Paul Camarata, M.D., elected president of the Neurosurgical Society of America
The chair of the KU Department of Neurosurgery will lead the professional organization through June 2022.
Paul J. Camarata, M.D., professor and chair of the Department of Neurosurgery at the University of Kansas Medical Center, was elected president of the Neurosurgical Society of America (NSA).
Camarata, who will serve as president through June 2022, most recently served as treasurer of the professional organization.
“Over the years I have enjoyed being a part of this collegial society of neurosurgeons, and I am honored to have been chosen as this year’s president,” Camarata said. “I hope to continue to build upon the excellent leadership initiatives of the past few years and advance the specialty through scientific exchange at our annual meeting.”
The NSA is committed to the advancement of the specialty of neurological surgery in America. Its objectives include encouraging exchange of ideas and information among neurosurgeons, providing networking opportunities, mentoring early-career neurosurgeons, sponsoring international meetings and maintaining a membership of both academic and private practice professionals to promote balance in the teaching and practice of the specialty in the United States.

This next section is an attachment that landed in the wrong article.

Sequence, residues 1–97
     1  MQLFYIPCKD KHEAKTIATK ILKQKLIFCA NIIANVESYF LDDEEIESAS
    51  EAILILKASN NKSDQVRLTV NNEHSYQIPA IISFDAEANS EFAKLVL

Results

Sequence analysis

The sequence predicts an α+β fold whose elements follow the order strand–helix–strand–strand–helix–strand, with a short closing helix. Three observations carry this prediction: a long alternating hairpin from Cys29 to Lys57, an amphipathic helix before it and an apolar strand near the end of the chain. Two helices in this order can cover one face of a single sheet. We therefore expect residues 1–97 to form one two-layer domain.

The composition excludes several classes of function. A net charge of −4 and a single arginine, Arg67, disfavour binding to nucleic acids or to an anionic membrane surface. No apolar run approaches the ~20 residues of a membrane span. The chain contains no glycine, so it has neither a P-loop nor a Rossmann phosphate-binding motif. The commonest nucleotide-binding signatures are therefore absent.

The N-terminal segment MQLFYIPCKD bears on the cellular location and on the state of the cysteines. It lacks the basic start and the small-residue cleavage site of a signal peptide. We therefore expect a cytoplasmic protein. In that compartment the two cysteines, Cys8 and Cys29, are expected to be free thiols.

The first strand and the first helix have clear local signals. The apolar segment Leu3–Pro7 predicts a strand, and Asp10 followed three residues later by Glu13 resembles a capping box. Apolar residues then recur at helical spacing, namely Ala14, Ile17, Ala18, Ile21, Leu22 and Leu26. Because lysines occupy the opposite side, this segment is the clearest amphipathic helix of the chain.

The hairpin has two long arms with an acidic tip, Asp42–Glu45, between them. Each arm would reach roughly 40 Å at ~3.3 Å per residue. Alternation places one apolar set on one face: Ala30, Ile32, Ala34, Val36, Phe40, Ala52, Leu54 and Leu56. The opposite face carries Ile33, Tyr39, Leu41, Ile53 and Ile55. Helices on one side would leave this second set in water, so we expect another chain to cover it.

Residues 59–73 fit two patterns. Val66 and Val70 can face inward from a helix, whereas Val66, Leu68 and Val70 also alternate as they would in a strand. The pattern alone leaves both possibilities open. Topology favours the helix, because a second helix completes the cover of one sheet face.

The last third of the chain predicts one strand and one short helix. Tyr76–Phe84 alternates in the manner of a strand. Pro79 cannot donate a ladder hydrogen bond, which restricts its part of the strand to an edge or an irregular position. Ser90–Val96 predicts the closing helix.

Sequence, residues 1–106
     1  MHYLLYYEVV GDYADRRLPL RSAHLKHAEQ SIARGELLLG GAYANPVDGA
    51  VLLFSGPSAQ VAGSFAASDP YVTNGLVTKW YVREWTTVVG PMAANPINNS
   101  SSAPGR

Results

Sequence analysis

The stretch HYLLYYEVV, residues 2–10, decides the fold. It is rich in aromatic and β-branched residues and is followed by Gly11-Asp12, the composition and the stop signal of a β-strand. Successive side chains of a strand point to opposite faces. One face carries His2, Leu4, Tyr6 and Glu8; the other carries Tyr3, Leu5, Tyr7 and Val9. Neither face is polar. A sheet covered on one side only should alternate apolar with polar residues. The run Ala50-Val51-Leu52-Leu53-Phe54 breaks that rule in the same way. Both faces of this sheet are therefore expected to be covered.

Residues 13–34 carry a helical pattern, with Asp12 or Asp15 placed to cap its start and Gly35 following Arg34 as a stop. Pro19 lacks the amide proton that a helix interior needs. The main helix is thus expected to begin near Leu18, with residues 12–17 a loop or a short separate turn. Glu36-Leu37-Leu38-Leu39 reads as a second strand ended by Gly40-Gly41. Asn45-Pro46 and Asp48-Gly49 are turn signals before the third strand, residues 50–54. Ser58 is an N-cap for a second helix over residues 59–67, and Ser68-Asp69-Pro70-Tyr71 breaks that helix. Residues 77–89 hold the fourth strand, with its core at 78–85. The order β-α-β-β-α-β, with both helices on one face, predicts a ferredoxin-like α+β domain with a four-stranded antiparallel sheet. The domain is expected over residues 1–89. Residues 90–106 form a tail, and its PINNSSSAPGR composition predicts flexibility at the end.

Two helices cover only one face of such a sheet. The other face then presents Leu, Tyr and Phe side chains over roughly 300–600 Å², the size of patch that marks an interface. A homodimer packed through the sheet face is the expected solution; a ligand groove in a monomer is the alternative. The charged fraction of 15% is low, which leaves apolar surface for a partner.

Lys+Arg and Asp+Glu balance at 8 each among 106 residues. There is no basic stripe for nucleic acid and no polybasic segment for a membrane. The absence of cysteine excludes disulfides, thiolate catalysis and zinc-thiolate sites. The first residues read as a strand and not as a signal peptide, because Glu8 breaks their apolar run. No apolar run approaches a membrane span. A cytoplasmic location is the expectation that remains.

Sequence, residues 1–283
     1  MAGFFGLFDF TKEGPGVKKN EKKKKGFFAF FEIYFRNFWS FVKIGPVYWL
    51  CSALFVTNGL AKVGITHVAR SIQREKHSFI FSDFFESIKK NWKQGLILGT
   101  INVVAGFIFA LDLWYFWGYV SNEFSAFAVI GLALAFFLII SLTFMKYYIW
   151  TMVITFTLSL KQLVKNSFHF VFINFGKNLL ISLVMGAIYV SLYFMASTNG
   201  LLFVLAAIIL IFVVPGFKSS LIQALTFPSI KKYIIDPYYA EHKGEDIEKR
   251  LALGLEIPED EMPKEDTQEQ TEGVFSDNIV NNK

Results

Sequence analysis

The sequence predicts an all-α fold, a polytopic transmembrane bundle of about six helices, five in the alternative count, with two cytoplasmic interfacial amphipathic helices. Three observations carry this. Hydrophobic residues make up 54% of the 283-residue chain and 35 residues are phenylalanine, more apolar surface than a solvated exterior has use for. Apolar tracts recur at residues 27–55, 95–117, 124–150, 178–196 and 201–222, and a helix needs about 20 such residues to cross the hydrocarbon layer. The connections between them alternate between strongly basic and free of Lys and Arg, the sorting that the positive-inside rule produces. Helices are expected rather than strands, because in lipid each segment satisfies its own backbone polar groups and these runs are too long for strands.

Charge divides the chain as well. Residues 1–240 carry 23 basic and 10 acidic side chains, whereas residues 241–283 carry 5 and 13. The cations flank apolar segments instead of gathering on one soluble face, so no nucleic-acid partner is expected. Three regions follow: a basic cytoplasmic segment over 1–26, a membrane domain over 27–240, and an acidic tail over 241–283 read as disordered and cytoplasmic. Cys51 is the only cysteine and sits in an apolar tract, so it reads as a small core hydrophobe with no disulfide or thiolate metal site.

A recognized national and international leader in the specialty, Camarata currently serves as a director with the American Board of Neurological Surgeons. He served 10 years on the executive committee of the Congress of Neurological Surgeons as well as the organization’s treasurer for three years. He has served on committees for a number of professional societies and is a frequent presenter at national and international conferences.
Camarata has been chair of the Department of Neurosurgery at KU Medical Center since 2010. He previously was co-director of the St. Luke’s Brain and Stroke Institute in Kansas City, Missouri. In addition, he served as neurosurgery faculty at the University of Missouri-Kansas City and the University of Minnesota in Minneapolis, where he was associate program director and director of the Cerebrovascular Laboratory.